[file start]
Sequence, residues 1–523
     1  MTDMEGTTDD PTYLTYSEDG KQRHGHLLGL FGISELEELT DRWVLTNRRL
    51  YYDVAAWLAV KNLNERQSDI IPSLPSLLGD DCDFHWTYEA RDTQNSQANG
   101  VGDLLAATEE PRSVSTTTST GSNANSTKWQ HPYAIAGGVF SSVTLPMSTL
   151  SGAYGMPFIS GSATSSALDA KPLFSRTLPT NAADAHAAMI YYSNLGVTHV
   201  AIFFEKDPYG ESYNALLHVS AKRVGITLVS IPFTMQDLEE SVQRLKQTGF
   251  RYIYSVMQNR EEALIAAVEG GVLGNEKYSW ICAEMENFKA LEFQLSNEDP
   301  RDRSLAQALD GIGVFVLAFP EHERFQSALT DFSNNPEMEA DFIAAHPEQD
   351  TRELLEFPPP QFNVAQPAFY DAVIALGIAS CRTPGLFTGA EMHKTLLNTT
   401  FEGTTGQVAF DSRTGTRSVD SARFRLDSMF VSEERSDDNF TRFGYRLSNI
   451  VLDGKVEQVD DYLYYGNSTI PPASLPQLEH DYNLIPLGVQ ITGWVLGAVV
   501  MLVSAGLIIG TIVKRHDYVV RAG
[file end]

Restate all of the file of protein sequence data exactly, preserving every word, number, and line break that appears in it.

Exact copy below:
Sequence, residues 1–523
     1  MTDMEGTTDD PTYLTYSEDG KQRHGHLLGL FGISELEELT DRWVLTNRRL
    51  YYDVAAWLAV KNLNERQSDI IPSLPSLLGD DCDFHWTYEA RDTQNSQANG
   101  VGDLLAATEE PRSVSTTTST GSNANSTKWQ HPYAIAGGVF SSVTLPMSTL
   151  SGAYGMPFIS GSATSSALDA KPLFSRTLPT NAADAHAAMI YYSNLGVTHV
   201  AIFFEKDPYG ESYNALLHVS AKRVGITLVS IPFTMQDLEE SVQRLKQTGF
   251  RYIYSVMQNR EEALIAAVEG GVLGNEKYSW ICAEMENFKA LEFQLSNEDP
   301  RDRSLAQALD GIGVFVLAFP EHERFQSALT DFSNNPEMEA DFIAAHPEQD
   351  TRELLEFPPP QFNVAQPAFY DAVIALGIAS CRTPGLFTGA EMHKTLLNTT
   401  FEGTTGQVAF DSRTGTRSVD SARFRLDSMF VSEERSDDNF TRFGYRLSNI
   451  VLDGKVEQVD DYLYYGNSTI PPASLPQLEH DYNLIPLGVQ ITGWVLGAVV
   501  MLVSAGLIIG TIVKRHDYVV RAG